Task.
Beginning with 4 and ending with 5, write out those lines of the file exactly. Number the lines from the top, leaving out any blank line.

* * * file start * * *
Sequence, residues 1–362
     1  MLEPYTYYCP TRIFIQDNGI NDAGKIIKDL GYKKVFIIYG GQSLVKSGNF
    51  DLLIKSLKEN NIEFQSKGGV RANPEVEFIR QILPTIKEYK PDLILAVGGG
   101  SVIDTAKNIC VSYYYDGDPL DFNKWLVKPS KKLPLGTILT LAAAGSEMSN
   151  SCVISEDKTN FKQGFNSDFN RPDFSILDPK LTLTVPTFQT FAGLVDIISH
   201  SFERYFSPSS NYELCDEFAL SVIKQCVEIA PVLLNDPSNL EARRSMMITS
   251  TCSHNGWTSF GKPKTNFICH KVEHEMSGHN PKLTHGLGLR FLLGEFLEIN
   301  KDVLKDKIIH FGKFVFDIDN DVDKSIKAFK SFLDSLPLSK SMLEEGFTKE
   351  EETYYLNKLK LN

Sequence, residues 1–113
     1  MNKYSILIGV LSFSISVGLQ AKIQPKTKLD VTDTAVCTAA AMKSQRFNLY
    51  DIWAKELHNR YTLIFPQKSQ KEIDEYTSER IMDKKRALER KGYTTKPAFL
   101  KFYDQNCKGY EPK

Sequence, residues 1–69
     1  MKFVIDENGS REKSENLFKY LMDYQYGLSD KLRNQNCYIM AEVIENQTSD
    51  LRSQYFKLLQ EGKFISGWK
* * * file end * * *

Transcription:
   101  SVIDTAKNIC VSYYYDGDPL DFNKWLVKPS KKLPLGTILT LAAAGSEMSN
   151  SCVISEDKTN FKQGFNSDFN RPDFSILDPK LTLTVPTFQT FAGLVDIISH